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I need to get a digital camera fairly soon. Due to the amount of selling and stuff I've been doing it makes much more sense to just get a digital instead of using my old school camera and going to Longs getting it on a disc, etc. I would also like to be able to post pictures of riding and stuff on here. Come summer I will probably be using it quite a bit and taking it on rides.

So I need something that is relatively small, light, and fairly inexpensive that still takes good quality photos. I don't need one of those incredibly huge, fancy cameras because I am not into photography much and wouldn't know how to use it anyway, not to mention carrying it around. I don't have a ton of money to spend, and I want to buy something new. I can probably spend $350-$400 max, but if you know of a good camera that gets it done for less than that say so. I know nothing about cameras so any info will be appreciated.
Thanks in advance
Matt
 

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Support!

freerider167 said:
www.cnet.com you can find cameras and reviews and stuff. and the best online store to get them. I would recommend paying as much as you can. You can get a nice Samsung for about 400-500
Don't be sending them to cnet. Keep it in the family, brother. Send all camera questions to PhotographyREVIEW.com and PCPhotoREVIEW.com. My sites have reviews, links to dealers, forums, etc. And when you use my PCPhotoREVIEW.com and PhotographyREVIEW.com to research or shop, you're also supporting Mtbr.com.

Thanks!
 

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Go for the nikon coolpix, i have one and i absolutely love it. It is really easy to operate and can take long movies with a big enough memory card. I have the 3200 but my mom has the 4100 and both are equally as awsome.
 

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Recommendations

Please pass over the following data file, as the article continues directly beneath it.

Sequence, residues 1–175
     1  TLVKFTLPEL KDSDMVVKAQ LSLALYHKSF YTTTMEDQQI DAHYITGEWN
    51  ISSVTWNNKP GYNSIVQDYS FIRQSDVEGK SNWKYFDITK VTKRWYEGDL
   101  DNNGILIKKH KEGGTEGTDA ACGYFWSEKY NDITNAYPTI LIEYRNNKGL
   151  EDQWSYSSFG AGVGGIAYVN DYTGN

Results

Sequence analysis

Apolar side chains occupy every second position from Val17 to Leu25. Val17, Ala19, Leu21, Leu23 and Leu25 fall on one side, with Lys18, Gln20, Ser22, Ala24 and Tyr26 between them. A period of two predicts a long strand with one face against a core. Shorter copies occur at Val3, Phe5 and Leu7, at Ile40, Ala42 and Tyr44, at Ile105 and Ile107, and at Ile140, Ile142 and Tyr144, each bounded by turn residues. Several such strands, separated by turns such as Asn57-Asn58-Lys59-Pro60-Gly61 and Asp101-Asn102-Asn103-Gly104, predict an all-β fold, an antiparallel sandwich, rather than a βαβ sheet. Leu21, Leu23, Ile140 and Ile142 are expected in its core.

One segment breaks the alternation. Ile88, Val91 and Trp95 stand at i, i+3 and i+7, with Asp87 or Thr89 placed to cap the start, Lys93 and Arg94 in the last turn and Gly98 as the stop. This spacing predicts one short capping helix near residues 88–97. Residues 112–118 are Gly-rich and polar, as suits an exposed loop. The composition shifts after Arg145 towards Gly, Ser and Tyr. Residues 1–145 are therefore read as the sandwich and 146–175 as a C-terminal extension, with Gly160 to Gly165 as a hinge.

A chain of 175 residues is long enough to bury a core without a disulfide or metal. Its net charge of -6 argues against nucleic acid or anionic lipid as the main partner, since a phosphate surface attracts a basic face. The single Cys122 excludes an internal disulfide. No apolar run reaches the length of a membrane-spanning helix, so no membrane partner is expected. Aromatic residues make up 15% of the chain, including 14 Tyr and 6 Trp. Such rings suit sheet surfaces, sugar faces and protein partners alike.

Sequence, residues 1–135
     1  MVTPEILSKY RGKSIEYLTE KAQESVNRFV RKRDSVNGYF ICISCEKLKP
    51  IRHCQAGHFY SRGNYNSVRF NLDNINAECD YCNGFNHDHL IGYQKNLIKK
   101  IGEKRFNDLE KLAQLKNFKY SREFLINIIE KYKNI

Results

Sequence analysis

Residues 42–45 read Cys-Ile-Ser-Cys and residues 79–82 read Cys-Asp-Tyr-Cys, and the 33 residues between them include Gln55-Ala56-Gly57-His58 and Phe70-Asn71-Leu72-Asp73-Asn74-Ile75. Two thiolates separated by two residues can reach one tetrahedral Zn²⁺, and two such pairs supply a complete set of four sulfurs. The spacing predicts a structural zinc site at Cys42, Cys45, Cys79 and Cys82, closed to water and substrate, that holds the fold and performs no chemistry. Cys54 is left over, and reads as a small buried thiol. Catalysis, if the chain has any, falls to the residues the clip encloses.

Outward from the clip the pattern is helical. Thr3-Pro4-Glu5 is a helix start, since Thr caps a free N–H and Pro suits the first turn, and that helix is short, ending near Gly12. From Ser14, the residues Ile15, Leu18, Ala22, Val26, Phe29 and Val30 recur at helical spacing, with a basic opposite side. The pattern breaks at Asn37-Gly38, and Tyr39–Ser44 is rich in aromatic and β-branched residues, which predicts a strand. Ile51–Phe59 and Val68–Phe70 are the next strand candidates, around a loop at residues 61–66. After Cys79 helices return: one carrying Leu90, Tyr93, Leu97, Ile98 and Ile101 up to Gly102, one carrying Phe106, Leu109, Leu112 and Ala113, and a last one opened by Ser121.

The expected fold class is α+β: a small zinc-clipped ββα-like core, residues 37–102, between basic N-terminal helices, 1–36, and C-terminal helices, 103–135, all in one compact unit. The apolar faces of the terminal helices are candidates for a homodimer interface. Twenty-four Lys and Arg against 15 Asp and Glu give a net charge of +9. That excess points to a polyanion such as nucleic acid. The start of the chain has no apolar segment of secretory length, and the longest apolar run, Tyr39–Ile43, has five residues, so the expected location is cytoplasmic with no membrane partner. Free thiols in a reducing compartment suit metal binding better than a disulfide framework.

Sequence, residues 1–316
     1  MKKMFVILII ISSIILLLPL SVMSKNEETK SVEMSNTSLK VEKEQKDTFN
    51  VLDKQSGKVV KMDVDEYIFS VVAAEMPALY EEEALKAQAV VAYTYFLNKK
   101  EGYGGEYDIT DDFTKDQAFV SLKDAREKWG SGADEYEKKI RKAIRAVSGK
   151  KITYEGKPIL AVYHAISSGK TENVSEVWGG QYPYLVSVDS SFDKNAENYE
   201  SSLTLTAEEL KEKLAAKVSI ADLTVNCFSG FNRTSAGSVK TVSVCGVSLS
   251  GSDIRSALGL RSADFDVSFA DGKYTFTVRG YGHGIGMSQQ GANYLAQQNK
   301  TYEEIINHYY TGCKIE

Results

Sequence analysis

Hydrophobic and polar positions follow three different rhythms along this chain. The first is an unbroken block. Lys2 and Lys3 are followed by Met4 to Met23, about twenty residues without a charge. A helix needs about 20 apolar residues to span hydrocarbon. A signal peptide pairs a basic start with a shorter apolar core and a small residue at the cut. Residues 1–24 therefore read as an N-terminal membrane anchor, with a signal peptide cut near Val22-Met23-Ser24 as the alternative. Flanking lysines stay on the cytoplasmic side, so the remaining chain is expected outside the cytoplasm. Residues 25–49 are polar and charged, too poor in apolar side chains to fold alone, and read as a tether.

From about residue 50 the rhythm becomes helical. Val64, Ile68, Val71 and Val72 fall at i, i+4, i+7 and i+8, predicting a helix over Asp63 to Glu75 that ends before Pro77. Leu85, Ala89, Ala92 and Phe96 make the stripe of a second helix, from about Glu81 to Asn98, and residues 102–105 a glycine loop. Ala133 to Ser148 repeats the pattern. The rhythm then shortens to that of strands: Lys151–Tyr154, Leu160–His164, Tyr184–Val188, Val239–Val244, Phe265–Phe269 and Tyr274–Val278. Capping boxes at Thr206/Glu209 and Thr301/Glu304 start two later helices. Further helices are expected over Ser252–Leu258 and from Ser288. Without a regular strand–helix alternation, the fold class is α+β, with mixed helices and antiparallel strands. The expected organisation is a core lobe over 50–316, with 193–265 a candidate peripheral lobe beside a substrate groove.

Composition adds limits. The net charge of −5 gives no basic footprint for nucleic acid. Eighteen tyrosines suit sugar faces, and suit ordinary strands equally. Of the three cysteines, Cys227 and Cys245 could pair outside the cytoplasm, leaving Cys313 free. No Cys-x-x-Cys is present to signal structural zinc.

I agree with people who mentioned the Canon compact digitals. They're by far the most popular digital cameras on my sites. And the Canon A-Series cameras are especially nice as they have great features to grow into, and they use AA batteries. At least one of the Canon A-Series cameras is always on the PCPhotoREVIEW.com Top Ten list. Here's a link to the 200 most popular cameras on the site: http://www.pcphotoreview.com/TOPcrx.aspx

If your main purpose is to take pictures in order to sell things online, then the A95, A 85, or A520 would all be great choices. Four or five megapixels is fine for your needs. Other manufacturers to consider are Fujifilm, Sony, Casio, Panasonic, Olympus, and Konica Minolta. They all make good cameras. It should be no problem to get something that fits your needs and budget.
 

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Casio is great

mosplat said:
i've had a great time using my casio exilim.
take a look at them.
very sweet cameras.
Casio is looking very, very good right now. I've been paying a lot of attention to them. Their camera designs are excellent and they won an award for image quality at the recent PMA tradeshow.

Read my 2005 PMA Report >>